Do your employees seem anxious or jumpy whenever something changes? Perhaps you recently changed policy or implemented some new software, and some on your team reacted negatively. They appeared upset or even disgruntled.
Change Happens, but Unmanaged Change Creates Anxiety
So what’s going on here? Why are people getting anxious and unhappy whenever management rolls out a change? Well, most of it is natural. Change happens, and people don’t tend to like change. We can’t avoid change: companies that want to survive have to change, sometimes frequently or drastically.
Even though resistance to change is natural, you can still help your staff through the change by managing it effectively. This is called change management, and when done well, it can make a huge difference not just in your employees’ quality of work-life but also in how much your organization benefits from the change.
Change Management: A Definition
Change management at its core is simply good, clear, and organized communication before, during, and after any change. This might sound fairly obvious to you: of course, you want to tell your team about a change. But you might be surprised just how often communication about change is incomplete.
Does your change management strategy need some shoring up? Here are a few pitfalls to avoid.
1) Inform All Affected Parties
As you consider a change in your business (say, implementing a new piece of software), be sure to inform all affected parties. One common pitfall is to fail to consider who all will be affected by a change.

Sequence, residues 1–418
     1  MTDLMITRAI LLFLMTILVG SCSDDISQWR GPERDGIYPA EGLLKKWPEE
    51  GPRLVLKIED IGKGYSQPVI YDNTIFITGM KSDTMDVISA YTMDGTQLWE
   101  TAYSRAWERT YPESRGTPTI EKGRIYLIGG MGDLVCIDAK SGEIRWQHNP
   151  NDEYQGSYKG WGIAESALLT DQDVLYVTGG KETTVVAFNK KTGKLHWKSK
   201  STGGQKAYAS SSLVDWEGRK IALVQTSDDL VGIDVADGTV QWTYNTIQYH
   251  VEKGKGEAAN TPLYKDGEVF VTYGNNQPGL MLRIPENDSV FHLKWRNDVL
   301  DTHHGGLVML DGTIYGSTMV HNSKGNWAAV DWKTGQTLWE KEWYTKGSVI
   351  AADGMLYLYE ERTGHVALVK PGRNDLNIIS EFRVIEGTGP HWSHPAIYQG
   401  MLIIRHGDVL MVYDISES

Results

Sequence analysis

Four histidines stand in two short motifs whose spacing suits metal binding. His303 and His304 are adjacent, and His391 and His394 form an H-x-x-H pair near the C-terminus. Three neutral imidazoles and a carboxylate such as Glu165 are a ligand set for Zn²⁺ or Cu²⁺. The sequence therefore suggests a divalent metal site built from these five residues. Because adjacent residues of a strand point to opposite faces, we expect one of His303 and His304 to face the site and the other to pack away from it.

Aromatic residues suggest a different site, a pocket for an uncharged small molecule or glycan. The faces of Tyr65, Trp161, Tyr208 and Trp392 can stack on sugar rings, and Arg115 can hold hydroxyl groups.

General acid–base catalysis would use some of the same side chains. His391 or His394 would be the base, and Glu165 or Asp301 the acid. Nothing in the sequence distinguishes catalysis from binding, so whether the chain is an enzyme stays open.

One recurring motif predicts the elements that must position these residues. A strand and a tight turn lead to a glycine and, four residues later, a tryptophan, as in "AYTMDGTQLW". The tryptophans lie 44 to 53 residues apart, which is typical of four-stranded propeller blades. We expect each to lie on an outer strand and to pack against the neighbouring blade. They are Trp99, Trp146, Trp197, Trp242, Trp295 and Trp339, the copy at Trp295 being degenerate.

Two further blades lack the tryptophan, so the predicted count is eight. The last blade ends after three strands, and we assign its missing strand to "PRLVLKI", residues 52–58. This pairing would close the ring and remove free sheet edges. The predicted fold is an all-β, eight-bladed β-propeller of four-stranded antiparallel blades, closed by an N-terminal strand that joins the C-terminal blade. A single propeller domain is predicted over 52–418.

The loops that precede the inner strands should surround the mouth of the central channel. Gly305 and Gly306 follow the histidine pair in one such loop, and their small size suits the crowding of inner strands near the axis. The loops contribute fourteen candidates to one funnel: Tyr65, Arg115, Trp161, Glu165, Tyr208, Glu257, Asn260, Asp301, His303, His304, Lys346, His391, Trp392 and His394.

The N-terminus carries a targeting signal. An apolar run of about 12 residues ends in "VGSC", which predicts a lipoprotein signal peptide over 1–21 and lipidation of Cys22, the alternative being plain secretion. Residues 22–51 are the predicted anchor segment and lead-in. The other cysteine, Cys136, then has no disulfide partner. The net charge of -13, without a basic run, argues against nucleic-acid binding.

You may have consulted with your accounting team about a new accounting software package, but is that truly the only department affected? How will that software affect your sales force? Does IT have any added burden in supporting it?
You’ll never know if you don’t ask. And the success of the will be at risk, too.
2) Explain the Rewards of Implementing (and Consequences If You Don’t)
As we said above, people don’t like change. If they don’t understand why the change is necessary, they are likely to fight it. Effective change management includes a clear explanation of the reasons this change is needed. Explain how the change will improve people’s lives. Don’t assume they will figure this out intuitively. Say it clearly, and maybe even repeat it a few times as the rollout nears.
Of course, some changes don’t make life better for everyone, but they’re still necessary. In that case, you need to explain the consequences of not implementing the change. Is this something you must do to keep up with competitors or to meet customer demand? Then not implementing could very well cost you your business and put your employees out of work.
It’s amazing what a little perspective will do for change acceptance, especially related to job security.
3) Show How and When the Change Will Occur
Another common pitfall is announcing a change but failing to include the necessary details. Don’t hope that your employees will “just figure it out.” Take the time to show exactly how the change will occur. What steps are necessary? What actions will individual employees need to take? Will there be a planned outage or stoppage? And most importantly, when exactly will this change take place.
Change management doesn’t have to be complicated. Start by informing all parties, explaining the rewards and consequences, and answering the questions in the paragraph above. You’ll be well on your way to happier, less anxious employees.
About the Author
ASL Forwarding is a trusted courier service and freight brokerage serving the state of Florida with a focus on the South Florida area. If you’re looking to add courier service to your business or are looking to make a change from your existing courier or freight broker partner, contact us today.